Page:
President Donald Trump’s poll numbers have slipped well below levels enjoyed by prior presidents during their first one hundred days. But on one issue—school choice—the president is pushing the numbers in the direction he desires. It’s time for him to push his school choice agenda.
When Trump chose Betsy DeVos, a fervent school choice advocate, to serve as education secretary, teachers unions pulled out all the stops. Senate Democrats relentlessly attacked DeVos’s credentials, demonstrators stormed the Capitol and two Republican senators broke party ranks to vote against the nominee on the grounds they could not support vouchers. To get the nomination through the Senate, Vice-President Mike Pence had to cast the deciding vote. But all the hullabaloo about DeVos’s voucher advocacy has backfired. The more the public have heard about vouchers, the more they like the idea.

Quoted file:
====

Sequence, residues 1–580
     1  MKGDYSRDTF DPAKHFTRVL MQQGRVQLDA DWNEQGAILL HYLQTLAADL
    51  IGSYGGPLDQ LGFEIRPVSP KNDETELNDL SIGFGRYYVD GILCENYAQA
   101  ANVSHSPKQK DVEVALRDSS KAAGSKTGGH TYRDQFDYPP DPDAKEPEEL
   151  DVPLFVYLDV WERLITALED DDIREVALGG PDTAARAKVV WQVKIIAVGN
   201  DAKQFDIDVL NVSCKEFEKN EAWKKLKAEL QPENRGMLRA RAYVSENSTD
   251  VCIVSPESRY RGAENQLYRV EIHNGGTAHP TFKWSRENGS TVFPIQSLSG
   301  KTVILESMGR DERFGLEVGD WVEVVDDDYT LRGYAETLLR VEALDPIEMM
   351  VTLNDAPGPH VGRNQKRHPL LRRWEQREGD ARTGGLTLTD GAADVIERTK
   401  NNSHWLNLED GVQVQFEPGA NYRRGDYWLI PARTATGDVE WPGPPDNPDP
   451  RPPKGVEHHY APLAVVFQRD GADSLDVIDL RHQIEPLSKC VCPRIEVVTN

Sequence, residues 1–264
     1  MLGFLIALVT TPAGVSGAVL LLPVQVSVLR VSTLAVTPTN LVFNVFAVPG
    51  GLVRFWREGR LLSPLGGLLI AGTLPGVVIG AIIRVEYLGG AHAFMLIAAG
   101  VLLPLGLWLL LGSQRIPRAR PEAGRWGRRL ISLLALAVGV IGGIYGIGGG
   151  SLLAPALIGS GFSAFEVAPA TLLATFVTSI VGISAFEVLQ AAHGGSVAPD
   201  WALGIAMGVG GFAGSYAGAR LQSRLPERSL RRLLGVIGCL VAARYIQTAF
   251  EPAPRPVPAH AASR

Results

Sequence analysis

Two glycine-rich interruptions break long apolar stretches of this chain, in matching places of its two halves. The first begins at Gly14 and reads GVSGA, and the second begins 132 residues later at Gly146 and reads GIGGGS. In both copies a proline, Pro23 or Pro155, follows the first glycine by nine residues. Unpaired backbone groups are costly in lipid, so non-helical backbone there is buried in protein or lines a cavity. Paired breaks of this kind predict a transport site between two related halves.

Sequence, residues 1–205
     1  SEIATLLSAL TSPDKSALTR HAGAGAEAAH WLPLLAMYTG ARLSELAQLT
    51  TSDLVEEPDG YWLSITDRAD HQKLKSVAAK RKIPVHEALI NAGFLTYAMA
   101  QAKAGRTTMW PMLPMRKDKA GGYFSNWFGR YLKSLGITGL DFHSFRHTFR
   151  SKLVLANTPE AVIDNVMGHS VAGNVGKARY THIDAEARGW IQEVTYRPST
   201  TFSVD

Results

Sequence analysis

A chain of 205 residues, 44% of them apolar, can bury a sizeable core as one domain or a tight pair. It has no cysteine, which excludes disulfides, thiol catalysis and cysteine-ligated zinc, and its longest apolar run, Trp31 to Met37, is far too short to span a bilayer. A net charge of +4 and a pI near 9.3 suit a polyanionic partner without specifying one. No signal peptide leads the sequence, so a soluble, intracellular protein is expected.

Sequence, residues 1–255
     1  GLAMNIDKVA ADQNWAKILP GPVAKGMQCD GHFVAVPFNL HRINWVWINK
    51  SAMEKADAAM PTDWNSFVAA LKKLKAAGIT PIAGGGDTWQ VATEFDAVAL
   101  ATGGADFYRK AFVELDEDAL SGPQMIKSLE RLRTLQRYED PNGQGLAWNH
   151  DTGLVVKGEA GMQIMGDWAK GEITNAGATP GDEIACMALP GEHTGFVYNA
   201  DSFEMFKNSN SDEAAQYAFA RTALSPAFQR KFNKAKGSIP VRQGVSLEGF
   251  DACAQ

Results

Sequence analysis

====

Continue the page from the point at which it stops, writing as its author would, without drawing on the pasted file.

A year ago, the 2016 Education Next poll of a representative sample of adult Americans (which I oversee) found only 31% of the public support the use of “government funds to pay the tuition of low-income students” while 55% opposed, with the remainder taking a neutral position. Now, according to a poll just released by Associated Press and the National Opinion Research Center, vouchers that use taxpayer funds for low-income students to attend private schools gathered support from 43% of the public, with only 31% opposed. The shift in opinion is no less than 12 percentage points